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I'm looking for a "personal" equivalent for the /etc/fstab file, that apply only on my account (on login); does such a file exists? Or is it more complicated?

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No you can't get a individual fstab Entry for every Account –  Lonston Oct 24 '13 at 10:33
    
What are you trying to achieve, mount a certain volume on login? Only a single volume, just for your account, or different volumes for each user? –  Joni Oct 24 '13 at 10:52
    
You can use gvfs to do something similar. –  MadMike Oct 24 '13 at 10:56
    
The answers below tell you how to get it mounted, but none of them (including mine) deal with the possibility that you may want only your user to be able to mount these partitions. If you want something like that then something further will be required. The difference with fstab is that it's a system file and only a superuser can modify it. –  Joe Oct 30 '13 at 20:14

5 Answers 5

If you happen to use KDE, you can go to

System Settings->Hardware->Removable Devices and check the appropriate box next to your partition. The options are Automount on Login and Automount on Attach.

This has been available for awhile - I think since karmic. Since it's part of the desktop, I'm pretty sure these settings would apply on a per user basis.

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Do you mean that you have several users of your system and you want them to have different access rights to different volumes on your machine?

If so, then we're in the same boat. I have a 'common' NTFS drive that I want to be available to any user of my machine. On the other hand I also have a 'work' NTFS drive that should be accessible only by me (save root, of course, but then again that's me).

To achieve this I edited /etc/fstab the following way:

# 'COMMON' drive for all
UUID=XXXXXXXXXXXXXXX /media/COMMON ntfs rw,auto,users,exec,nls=utf8    0   0
# 'WORK' drive for me only
UUID=XXXXXXXXXXXXXXX /media/WORK ntfs defaults,uid=1000,gid=1000,umask=007    0    0

Note: you need to have create respective subdirectories (/COMMON, /WORK) in /media directory first.

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A similar command to Takkat's is the following:

udisksctl mount -b /dev/sdc1

this will mount the device /dev/sdc1 to the following location (just like Nautilus would do it)

/media/$USER/$DEVICE

where $USER is your username and $DEVICE is the device label if it is set, otherwise it is the device UUID.

Note: The manpage for this command exists only in 12.10+, so I'm assuming this is only available for 12.10+.

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In case we need to always mount a drive after we log in to our account but do not want this drive mounted at boot we may want to consider mounting by udisks. Below command will e.g. mount the drive `/dev/sdc1 to /media/<username> (no root permissions needed):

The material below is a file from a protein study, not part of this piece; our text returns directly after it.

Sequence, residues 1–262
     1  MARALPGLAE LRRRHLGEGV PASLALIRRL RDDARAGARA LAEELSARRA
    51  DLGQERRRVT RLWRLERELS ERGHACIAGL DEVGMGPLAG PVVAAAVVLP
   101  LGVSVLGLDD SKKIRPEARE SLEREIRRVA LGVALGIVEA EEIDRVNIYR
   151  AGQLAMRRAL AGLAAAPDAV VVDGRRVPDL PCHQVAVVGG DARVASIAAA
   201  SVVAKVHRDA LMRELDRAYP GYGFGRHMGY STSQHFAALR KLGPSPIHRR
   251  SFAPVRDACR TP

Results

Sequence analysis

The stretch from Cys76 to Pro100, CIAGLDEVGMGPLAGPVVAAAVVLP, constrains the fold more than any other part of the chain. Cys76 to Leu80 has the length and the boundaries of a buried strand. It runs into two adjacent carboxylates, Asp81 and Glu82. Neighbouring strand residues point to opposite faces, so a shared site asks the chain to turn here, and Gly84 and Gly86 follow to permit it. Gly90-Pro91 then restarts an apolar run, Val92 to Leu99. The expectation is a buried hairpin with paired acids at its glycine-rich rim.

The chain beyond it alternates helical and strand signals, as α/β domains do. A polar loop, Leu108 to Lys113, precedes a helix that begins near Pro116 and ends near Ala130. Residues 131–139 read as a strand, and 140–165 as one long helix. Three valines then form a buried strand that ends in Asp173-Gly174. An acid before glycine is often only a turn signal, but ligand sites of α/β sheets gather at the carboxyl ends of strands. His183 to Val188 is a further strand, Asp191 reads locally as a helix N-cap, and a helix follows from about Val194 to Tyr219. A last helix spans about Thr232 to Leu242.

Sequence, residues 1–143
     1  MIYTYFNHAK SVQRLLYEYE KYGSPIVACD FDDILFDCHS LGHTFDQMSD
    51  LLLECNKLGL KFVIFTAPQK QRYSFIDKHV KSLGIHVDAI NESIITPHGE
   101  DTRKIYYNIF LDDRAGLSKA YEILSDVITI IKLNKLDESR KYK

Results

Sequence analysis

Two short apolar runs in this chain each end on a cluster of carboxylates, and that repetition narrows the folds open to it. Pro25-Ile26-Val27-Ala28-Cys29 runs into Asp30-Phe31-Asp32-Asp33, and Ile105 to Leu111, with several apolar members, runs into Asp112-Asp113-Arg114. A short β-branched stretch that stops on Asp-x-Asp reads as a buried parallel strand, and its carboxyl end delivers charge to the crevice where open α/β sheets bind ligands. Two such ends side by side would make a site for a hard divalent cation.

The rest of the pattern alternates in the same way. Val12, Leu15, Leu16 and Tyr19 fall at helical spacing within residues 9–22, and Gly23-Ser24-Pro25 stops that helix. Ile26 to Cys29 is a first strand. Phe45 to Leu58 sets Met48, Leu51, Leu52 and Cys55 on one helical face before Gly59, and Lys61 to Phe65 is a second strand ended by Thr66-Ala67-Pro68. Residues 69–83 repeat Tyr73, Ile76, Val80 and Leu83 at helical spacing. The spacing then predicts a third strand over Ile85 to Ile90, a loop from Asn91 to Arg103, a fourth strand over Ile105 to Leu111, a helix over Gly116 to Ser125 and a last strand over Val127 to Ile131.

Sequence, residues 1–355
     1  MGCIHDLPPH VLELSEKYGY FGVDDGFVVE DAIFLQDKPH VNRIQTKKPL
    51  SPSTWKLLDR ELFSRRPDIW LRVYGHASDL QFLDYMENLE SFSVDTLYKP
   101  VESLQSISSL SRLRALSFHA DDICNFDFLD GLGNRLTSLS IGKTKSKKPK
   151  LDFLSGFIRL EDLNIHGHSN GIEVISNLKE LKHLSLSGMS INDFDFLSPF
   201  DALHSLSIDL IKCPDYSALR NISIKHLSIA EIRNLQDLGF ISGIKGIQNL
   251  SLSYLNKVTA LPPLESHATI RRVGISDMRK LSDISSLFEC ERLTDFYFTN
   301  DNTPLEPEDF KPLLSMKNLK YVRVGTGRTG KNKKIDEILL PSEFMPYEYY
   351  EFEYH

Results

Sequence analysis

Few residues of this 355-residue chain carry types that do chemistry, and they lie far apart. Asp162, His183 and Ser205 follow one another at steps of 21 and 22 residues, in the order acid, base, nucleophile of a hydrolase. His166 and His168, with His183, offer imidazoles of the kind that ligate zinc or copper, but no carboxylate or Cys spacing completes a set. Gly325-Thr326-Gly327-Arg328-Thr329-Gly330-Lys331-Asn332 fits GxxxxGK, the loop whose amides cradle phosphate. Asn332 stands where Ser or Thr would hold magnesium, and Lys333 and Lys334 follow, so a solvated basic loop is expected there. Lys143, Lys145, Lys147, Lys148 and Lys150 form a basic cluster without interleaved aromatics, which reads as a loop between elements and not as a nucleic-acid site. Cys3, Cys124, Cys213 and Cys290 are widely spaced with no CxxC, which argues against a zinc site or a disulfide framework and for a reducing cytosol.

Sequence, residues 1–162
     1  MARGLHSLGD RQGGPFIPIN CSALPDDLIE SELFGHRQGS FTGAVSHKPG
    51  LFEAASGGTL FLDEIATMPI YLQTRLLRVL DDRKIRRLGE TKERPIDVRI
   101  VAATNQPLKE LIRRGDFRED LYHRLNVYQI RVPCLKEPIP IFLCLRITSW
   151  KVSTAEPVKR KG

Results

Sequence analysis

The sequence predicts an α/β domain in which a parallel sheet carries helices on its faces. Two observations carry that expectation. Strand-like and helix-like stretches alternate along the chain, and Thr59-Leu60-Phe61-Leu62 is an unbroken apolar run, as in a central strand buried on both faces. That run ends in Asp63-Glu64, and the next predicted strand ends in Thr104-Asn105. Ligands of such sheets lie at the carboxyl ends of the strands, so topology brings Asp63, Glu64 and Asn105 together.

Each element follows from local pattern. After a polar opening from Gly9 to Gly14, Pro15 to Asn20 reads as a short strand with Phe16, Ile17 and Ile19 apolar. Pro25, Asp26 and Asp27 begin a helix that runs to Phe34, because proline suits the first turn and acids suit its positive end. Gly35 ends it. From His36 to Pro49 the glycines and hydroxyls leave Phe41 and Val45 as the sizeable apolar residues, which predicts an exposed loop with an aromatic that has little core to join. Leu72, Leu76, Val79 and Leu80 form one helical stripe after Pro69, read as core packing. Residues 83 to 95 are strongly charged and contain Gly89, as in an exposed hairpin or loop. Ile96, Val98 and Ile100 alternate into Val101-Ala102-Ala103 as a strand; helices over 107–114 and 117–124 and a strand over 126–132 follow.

udisks --mount /dev/sdc1

This command can be added to a script, or put in autostart applications if needed.

See also these related questions here:

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You beat me on this, Yes, udisks can be a very good alternative for fstab and can be used as personal fstab. It has got even better in 13.04. –  Anwar Shah Oct 24 '13 at 11:27

No you can not. But it is not too complicated to do: all you need to do is create a script that manually adds the mount points you need and execute that script from your login.

Lets assume this is the fstab entry for a personal mount that you want only mounted if you login:

# volume              mount point       type  options
news:/usr/spool/news  /usr/spool/news   nfs   timeo=14,intr

the manual mount could be:

mount news:/usr/spool/news

So if you put this in a script (cd ~ && gedit mount_them.sh) and make the script executable you can add this script to your .bash_profile or .bashrc (.bash_profile is executed for login shells, while .bashrc is executed for interactive non-login shells). Adding something like this (pseudo code) would mount them for you:

if [ -f ~/mount_them.sh ]; then
   ./mount_them.sh
fi
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2  
Don't you have to be root to be able to use mount? –  Joni Oct 24 '13 at 10:54
1  
@joni No, all you need is to set the permissions correctly. See kmandla.wordpress.com/2007/03/08/howto-mounting-without-sudo for a thorough example. –  Rinzwind Oct 24 '13 at 11:34
    
In that case you should add user or users to the mount options; the example you give can only be mounted by root. –  Joni Oct 24 '13 at 12:32

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